When I went screw the hard drive onto the sled, I ran into the next problem - the hard drive is too small for the sled (the screw holes wouldn't line up). So I reattached the sled to the CD-ROM and decided to just let the hard drive sit on top of the internal ZIP drive that sits below the CD-ROM.

After connecting the hard drive (keeping it set to Master as the CD-ROM is on a separate bus then the other hard drive), I booted up. Mac OS X recognized the drive.

Now the fun part, copying all 32GB of data from my old drive to my new drive, I decided to play it safe, and copy my data over in sections. I first copied over my 5GB of Photos and at first was getting 15-20MB/sec (at least it seemed like that), it showed down to around 5MB. I then copied my video collection (8.6GB) and it took roughly 25 minutes. I then copied over my MP3 collection weighing in at 12.6GB and it took around 40 minutes. I then compared by old home folder to my new one and found the old one was still 2GB bigger then my new one, a quick check and I found out it was the CD images that were causing the difference in size. One final look over the old drive, and off to Disk Utilities to format the drive before sending it in for replacement.

I decided to use my firewire CD-RW to grab some stuff from a CD-R. I popped the CD-R in and well my CD-RW didn't seem to work, this scared the crap out of me, if it had died -- that's another $400 for a new CDRW. After I had got my computer all back together it was working fine. I might have overloaded the system with the Firewire CD-RW and 2 hard drives.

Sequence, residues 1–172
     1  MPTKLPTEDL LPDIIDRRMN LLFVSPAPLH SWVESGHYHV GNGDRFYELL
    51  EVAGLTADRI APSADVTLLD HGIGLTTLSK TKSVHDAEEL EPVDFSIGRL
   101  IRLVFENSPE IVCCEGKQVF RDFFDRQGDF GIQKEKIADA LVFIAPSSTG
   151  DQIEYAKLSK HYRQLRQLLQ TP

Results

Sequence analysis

Since I had my computer in pieces, I thought I might as well grab some screenshots I swore were still on my old 6GB hard drive I had replaced in July 2001. I installed it where the 60GB was booted up to a clicking sound, and when I touched the drive, I could feel the head bouncing back and forth. I guess the drive was dead as a doorknob (it had worked in October when I was trying to get my computer to recognize my 60GB when my battery had died).

The final step was to reinstall my CD-ROM. After 30 minutes of trying to get it in I realized that I had put the sled on up side down, I put it on right side up, and the CD-ROM slid in and I put the face plates back on.

The next morning I called Alex to cancel the order for the Firewire case, due to the mounting evidence that showed it wouldn't work with the Maxtor drive. Yesterday I realized I should just put it in Bay 4, and use it as a slave drive. All I would need to do is possibly replace the IDE cable with one that supports Master/Slave, get a mounting plate to attach the hard drive to the sled and then I would have an internal backup hard drive. I will keep you posted as to what happens with that.